When you think of protein-rich foods, there's a good chance animal meat comes to mind. If you're vegetarian, you likely think of meat stand-ins, such as tofu, tempeh, and seitan. "We tend to have our comfort zones when it comes to proteins," says Ashley Koff, RD, a dietitian in Washington, D.C. "And while that's OK—opting for the same foods can help you avoid feeling confused by all of your options and making a poor choice as a result—it's important to diversify your diet," says Koff. "I have a lot of clients whose go-to sources of protein are eggs, chicken, and Greek yogurt, but I like to encourage them to add other healthy sources of protein for more variety."
How much protein do you need? Mitzi Dulan, RD, author of The Pinterest Diet: How to Pin Your Way Thin, says it depends on your weight. In general, Dulan says healthy adults need about 0.75 grams of protein per pound body weight. So for example, if you weigh 140 pounds, you need about 105 grams of protein per day. While the recent popularity of high-protein diets has led some to overdo it on their protein intake, Dulan says she frequently sees clients who aren't getting enough protein, which presents other problems. "One of the biggest challenges with getting too little protein is that you are missing out on the vital role protein plays in satiety," she says. "Often, my clients are eating too many carbs and sugar-filled foods, which can lead to a vicious cycle of overeating and make it harder to reach your weight-loss goals." Add more protein-rich foods to your diet and you'll feel fuller longer, says Dulan, which can help you keep unhealthy cravings in check.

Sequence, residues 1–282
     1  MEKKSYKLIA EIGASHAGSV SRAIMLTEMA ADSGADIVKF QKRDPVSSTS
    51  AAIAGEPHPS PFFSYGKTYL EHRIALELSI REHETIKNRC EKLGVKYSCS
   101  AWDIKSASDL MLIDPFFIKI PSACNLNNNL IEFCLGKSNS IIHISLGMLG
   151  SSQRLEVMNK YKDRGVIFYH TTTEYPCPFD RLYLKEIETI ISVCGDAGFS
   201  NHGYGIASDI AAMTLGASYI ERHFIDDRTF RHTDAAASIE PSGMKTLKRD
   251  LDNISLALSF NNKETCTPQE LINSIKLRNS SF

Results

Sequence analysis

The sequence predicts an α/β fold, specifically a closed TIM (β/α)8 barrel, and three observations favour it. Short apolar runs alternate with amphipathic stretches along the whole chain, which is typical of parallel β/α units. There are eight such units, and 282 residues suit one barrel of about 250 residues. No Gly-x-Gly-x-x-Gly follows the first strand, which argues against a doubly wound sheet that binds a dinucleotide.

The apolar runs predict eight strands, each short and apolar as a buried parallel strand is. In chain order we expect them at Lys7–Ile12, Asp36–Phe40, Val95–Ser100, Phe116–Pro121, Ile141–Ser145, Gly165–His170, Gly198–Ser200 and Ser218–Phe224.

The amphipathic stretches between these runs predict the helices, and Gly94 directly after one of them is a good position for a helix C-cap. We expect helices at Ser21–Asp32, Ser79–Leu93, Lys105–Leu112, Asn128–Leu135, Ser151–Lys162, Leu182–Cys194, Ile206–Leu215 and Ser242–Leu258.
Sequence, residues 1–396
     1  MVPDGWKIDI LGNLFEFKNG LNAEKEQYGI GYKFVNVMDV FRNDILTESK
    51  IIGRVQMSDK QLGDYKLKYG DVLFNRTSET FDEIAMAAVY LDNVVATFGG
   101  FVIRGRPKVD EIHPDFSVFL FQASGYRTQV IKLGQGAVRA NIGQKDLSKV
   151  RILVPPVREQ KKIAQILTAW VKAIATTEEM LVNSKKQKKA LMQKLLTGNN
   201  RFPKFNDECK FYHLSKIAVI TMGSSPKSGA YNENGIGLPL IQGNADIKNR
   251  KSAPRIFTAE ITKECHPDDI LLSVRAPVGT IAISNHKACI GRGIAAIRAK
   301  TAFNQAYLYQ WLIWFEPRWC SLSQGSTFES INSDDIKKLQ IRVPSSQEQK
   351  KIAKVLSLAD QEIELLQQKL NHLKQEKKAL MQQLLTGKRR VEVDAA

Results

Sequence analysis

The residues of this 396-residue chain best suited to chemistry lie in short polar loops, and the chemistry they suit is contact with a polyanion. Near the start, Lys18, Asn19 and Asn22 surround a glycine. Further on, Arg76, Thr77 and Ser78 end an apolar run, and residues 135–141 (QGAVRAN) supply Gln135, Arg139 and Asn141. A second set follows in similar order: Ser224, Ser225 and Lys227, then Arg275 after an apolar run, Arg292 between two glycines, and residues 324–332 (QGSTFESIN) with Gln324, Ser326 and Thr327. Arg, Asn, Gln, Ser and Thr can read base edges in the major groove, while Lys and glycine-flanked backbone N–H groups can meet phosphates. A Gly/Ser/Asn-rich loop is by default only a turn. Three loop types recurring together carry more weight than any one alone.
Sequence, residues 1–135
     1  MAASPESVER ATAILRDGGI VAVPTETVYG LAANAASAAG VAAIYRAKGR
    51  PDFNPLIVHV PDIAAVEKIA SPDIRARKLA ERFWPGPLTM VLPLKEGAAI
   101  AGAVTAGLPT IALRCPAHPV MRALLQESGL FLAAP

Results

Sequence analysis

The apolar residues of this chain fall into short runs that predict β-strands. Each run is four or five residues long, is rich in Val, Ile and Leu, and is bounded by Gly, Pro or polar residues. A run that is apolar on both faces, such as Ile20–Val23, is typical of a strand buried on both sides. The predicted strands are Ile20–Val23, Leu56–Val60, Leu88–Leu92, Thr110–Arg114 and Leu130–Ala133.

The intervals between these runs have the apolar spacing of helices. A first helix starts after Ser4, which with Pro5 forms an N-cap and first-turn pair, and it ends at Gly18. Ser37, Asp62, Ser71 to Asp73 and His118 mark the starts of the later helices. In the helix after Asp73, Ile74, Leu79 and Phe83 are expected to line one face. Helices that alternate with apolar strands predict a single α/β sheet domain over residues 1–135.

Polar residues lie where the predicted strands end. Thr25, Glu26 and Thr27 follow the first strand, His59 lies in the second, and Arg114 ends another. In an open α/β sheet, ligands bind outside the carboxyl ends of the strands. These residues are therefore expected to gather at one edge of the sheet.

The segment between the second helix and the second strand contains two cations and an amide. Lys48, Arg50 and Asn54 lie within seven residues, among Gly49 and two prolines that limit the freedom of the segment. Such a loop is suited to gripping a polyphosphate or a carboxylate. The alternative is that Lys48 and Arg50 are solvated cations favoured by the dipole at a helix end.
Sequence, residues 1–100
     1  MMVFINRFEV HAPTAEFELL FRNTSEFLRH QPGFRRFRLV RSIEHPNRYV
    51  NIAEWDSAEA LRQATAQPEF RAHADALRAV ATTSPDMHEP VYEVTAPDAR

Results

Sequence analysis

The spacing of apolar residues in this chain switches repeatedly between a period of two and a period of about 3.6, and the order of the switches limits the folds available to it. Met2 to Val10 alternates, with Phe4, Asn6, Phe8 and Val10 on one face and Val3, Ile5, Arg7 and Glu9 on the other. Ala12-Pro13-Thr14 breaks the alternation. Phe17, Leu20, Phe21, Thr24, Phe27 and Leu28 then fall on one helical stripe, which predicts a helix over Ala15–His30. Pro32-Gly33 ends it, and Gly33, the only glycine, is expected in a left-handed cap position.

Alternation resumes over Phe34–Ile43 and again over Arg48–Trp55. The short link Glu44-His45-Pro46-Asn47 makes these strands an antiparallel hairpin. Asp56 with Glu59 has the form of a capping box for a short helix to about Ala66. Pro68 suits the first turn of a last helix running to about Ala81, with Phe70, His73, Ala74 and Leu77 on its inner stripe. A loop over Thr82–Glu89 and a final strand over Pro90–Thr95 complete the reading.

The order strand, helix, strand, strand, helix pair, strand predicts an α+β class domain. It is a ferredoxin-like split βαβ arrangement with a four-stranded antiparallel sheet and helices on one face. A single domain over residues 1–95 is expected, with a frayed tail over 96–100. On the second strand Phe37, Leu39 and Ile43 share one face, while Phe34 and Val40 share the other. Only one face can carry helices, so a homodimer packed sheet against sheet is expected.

Here, Koff and Dulan share some of the high-protein foods they urge their clients to incorporate into their weekly meals—and which they eat themselves, too!
Before you turn your nose up at these little fish and assume (or insist!) you don't like them, Koff says they're worth another try because they are that good for you. "One can of sardines has between 20 and 28 g of protein," she says. "Plus, they're also loaded with omega-3s," says Koff, which have been shown to lower inflammation in the body (a common, chronic condition that has been linked to a number of diseases). Dulan says sardines are one of her top high-protein picks as well, adding that unlike some other sources of protein, sardines pack a big nutritional punch while also being low in calories.
Another one of Koff's favorites, hemp seeds are actually a complete protein—which means they contain an adequate proportion of all 9 of the essential amino acids necessary for our dietary needs. (One 3 Tbsp serving provides about 11 g of protein.) "Most of my clients don't realize that hemp seeds are also an excellent source of fiber, and they're loaded with omega-3 essential fatty acids," says Koff, which promote heart health, proper brain function, and more.
Whether you blend these beans into a tasty hummus, mix them into homemade chili, or sprinkle some on top of a salad (or even use them in a tasty dessert!), chickpeas (aka garbanzo beans) are an excellent source of protein and fiber, says Koff, which means they are a staple in her pantry. In addition to protein and fiber, chickpeas are also loaded with manganese, folate, copper, iron, and zinc—vitamins and minerals that many Americans don't eat enough of, she says.
"This is one of my all-time favorite protein recommendations," says Dulan, "because it has a whopping 14 g of protein in just ½ cup." Don't love the taste? Try making it sweet by adding a serving of fruit and a dash of cinnamon on top.
This plant-based protein is one of the few grains that qualifies as a complete protein, packing 8 g into just one cup. It's also one of the most versatile grains, says Dulan: You can serve quinoa as a side (it's great hot or cold), as a breakfast cereal (cook it as you would oatmeal and top with cubed apples and cinnamon), or even as a delicious, protein-packed add-in to salads, soups, and more.
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